Europe

Polish air crash investigators allege Russian failings

A Russian serviceman guards the wreckage of the Polish plane (file pic April 2010)

Polish experts have said that Russian air traffic controllers gave their president's jet poor advice in the moments before it crashed in thick fog.

A Russian report last week blamed pilot error for the April 2010 disaster near Smolensk in which President Lech Kaczynski and 95 others died.

But the Polish panel said the controllers were under pressure and told the pilots they were on course.

A senior investigator said the plane was 80 metres off course.

Giving details of a recording between the crew and the Russian air traffic control tower, the panel added that the crew had been told that visibility on the ground was 800m whereas it was down to 200m.

"Russian air traffic controllers said it was on course rather than warning them to adjust their course," the investigator, Robert Benedict, said.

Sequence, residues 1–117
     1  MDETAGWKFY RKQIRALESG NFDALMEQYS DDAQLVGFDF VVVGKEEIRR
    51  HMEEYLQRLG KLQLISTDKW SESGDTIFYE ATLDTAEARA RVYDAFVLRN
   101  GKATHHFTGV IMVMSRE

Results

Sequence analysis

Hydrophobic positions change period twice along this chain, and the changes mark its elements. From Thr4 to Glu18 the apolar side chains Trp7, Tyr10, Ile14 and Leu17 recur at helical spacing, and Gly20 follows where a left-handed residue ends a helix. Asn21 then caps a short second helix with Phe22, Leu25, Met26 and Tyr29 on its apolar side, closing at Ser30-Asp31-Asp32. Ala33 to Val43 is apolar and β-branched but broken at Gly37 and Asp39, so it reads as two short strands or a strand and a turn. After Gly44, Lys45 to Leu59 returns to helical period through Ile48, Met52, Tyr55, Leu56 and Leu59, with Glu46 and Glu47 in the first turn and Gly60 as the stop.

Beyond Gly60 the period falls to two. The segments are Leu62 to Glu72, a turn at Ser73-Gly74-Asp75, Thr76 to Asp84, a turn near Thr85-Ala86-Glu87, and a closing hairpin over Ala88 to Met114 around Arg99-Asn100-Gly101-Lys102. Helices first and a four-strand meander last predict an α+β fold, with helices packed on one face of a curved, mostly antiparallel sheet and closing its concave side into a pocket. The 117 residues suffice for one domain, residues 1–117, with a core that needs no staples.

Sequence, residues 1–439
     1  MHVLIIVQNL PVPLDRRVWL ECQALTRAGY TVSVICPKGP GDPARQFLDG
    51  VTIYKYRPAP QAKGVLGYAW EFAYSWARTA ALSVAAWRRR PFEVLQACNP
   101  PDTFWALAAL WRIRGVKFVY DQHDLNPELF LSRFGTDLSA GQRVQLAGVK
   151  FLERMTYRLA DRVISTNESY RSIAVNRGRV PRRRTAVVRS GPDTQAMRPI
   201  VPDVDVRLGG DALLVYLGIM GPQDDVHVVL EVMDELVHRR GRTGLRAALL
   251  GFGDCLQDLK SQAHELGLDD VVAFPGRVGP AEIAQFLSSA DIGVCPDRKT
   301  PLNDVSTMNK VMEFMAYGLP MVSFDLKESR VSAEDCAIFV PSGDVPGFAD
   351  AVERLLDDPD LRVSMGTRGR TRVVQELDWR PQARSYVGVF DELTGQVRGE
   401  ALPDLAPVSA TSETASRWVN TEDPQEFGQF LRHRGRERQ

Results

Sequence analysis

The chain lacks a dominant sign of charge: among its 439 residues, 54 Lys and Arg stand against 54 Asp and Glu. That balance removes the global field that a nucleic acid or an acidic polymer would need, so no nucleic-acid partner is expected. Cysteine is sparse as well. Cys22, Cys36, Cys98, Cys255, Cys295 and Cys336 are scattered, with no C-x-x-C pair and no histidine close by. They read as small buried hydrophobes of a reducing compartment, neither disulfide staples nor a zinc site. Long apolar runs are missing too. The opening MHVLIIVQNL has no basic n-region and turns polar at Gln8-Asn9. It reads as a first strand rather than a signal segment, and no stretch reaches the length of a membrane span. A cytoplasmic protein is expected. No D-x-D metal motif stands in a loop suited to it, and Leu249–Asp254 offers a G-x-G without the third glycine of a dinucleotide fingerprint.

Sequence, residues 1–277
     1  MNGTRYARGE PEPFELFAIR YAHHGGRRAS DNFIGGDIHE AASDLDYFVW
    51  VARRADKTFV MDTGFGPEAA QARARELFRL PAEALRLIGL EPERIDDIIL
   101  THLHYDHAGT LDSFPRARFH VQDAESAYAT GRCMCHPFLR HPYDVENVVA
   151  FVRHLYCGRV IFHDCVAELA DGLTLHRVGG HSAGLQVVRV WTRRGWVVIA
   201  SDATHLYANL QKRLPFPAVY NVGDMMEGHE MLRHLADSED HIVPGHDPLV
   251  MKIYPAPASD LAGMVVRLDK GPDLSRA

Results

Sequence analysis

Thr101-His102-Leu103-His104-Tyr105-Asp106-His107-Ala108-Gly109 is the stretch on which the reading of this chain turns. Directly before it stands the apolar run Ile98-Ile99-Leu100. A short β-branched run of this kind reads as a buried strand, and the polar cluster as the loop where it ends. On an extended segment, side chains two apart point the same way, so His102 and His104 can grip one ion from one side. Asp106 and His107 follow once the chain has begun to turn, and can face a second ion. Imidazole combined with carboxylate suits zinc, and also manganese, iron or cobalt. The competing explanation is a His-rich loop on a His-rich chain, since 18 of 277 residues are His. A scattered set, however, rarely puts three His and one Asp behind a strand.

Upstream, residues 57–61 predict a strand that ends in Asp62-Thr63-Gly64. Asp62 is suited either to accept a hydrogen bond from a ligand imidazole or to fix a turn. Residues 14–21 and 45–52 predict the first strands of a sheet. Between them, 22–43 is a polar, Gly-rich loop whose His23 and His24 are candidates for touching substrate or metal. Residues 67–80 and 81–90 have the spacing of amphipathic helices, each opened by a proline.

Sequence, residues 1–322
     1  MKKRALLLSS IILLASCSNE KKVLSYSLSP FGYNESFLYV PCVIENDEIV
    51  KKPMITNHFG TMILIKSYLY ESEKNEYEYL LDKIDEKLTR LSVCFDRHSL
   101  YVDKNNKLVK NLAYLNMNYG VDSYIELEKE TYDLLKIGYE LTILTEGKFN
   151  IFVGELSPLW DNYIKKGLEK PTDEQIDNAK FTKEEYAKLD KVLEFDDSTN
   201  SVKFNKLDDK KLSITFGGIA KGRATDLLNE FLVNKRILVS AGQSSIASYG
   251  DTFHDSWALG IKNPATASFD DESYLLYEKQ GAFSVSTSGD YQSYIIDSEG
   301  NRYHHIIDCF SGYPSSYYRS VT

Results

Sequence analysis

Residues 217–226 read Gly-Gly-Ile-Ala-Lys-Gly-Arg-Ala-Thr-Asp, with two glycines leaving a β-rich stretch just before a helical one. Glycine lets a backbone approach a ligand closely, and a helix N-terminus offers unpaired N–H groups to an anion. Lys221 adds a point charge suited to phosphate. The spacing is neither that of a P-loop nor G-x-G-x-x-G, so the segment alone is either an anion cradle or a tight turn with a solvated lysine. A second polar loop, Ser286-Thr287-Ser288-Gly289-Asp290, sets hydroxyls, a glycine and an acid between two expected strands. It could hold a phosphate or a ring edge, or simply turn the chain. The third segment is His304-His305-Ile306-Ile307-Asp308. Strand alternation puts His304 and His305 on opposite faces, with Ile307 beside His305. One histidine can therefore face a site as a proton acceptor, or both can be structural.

Interior Minister Jerzy Miller who headed the panel said he felt "it is not only in Polish but also in Russian interests, in the interest of everyone who will be landing at Severny Airport [Smolensk], to draw conclusions from the tragedy".

The recording was presented to journalists as a direct response to Russia's report which was received bitterly by the late Polish president's twin brother Jaroslaw Kaczynski who condemned it as a "joke against Poland".

Polish Prime Minister Donald Tusk said last week the Russian report was incomplete.

Responding to the Polish experts' account, Russian officials said there was no evidence of pressure on the controllers and announced they would release a full transcript of the conversation between the crew and the control tower.

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